RTE Pulls Interview Over Legal Upset

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RTE has removed content from the RTE Player featuring Rory O’Neill’s interview on The Saturday Night Show.

In an interview following a performance by O’Neill’s alter ego Panti, host Brendan O’Connor spoke to the performer about homophobia in Ireland. O’Neill spoke about how he believed Ireland had a bad rep but as a small country could change much faster.

“I bet every single person in this audience has a cousin or a neighbour or the guy who you work with who is a flaming queen! I mean, you all know one. And it’s very hard to hold prejudices against people when you actually know those people. Because Ireland is such small communities grouped together, everybody knows their local gay!

Maybe twenty years ago it was ok to be really mean about him, but nowadays it’s just not ok to be really mean about it.

The only place that you see it’s ok to be really horrible and mean about gays is on the internet in the comments and people who make a living writing opinion pieces for newspapers.”

Rory O’Neill

When O’Connor asked who the writers were that O’Neill was talking about he named Breda O’Brien and John Waters, as well as the Iona Institute.

“Y’know, just feck off! Get the hell outta my life! It astounds me there are people out there in the world who devote quite a large amount of their time and energies to trying to stop people achieving happiness.”

O’Connor noted that he knew John Waters and that he wouldn’t think that he was homophobic.

On Tuesday evening, O’Neill tweeted from the @PantiBliss Twitter account and said the show had been pulled as someone mentioned was “legally upset.”

 

The appearance on Saturday night was quite popular online, although there were comments from a small number of conservative onlookers expressing displeasure at the interview.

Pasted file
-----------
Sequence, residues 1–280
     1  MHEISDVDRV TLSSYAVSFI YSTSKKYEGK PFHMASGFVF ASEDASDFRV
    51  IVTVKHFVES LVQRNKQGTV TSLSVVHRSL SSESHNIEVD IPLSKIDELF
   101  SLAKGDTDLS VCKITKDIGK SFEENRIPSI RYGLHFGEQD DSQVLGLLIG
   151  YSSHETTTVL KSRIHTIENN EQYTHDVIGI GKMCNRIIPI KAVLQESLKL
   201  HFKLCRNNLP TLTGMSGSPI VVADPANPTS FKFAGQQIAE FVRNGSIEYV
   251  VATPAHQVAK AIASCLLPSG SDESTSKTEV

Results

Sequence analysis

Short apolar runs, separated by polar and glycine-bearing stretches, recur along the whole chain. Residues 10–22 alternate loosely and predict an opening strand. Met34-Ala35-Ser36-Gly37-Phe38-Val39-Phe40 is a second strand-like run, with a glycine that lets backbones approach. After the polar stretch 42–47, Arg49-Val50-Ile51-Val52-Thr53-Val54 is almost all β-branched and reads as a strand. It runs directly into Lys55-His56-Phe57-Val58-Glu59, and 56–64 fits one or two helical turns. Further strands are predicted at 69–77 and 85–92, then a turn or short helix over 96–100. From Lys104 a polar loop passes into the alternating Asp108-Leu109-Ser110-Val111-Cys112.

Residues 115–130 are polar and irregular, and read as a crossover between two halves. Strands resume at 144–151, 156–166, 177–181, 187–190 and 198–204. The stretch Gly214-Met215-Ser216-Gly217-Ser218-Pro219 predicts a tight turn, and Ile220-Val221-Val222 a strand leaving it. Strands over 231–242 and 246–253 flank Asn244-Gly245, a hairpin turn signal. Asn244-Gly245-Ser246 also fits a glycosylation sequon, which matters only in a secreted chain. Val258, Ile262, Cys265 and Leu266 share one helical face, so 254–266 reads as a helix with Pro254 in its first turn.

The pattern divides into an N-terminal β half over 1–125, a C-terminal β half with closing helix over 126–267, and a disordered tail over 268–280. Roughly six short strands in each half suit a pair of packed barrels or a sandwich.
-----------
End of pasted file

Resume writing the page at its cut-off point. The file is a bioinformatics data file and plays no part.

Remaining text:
Panti refused to name who was behind the take down, although followers of the popular performer continued to speculate last night.

Update:

As readers have noted, the video posted to YouTube by Broadsheet.ie has been taken down.

RTE made a statement to TheJournal.ie, confirming the removal of the video and subsequent re-upload with parts cut from the show.

Last weekend’s The Saturday Night Show was removed from the Player due to potential legal issues and for reasons of sensitivity following the death of Tom O’Gorman as would be standard practice in such situations.

TheJournal.ie

There was no mention of Tom O’Gorman in the removed clip, which was clarified from the  @PantiBliss Twitter account this evening.

 

The Irish Independent has named John Waters as the person behind the legal complaints, stating that sources confirmed he had contacted RTE over the interview and asked for it to be removed. They say the columnist’s solicitors then sent a legal letter to RTE.

 

 

[Image: YouTube]

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Neil Markey

Founder of Krank.ie. News and current events nerd who likes cute animals and fighting with politicians on the internet. QRG has called me a “maverick Irish blogger” but I’m mostly just being an opinionated jerk. You can find me mouthing off on the Twitter-machine @Nerin_

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5 Comments

  1. Rachel Mathews-Mckay

    Disgraceful! Essentially we are still subject to the censoring of our television and public debates. I don’t think it’s unfair to say that RTE are all to happy to portray LGBT “gay” people who are funny, fashionably conscious, re-decorating their homes and/or who can bake a good cake, but the minute we have something important to say we’re paired up with bigots on Prime Time or chopped up int he editing suite as is the case with Rory’s interview here. Let us be heard! #rte #homophobia #censorship #darkages

    Reply
  2. Carmel
    Carmel

    I thought Rory addressed the issue of homophobia quite well. People need to learn that homophobia isn’t always the angry, ranting “gays will burn in hell” stuff that it tends to be portrayed as.

    Reply
  3. David F. Dwyer
    David F. Dwyer

    Rory O’Neill said “The only place that you see it’s ok to be really horrible and mean about gays is on the internet in the comments and people who make a living writing opinion pieces for newspapers” and then said he was talking about Breda O’Brien, John Waters and the Iona Institute.

    As far as I’m aware being called “really horrible and mean” isn’t legally slanderous. It’s a personal opinion about someone else’s opinion. Legal sabre rattling that’s all this is. There was no need for RTE to cave to demands from Iona or whoever, it would just be thrown out of court. That said, it doesn’t surprise me. Remember Portraitgate a few years ago?

    Reply

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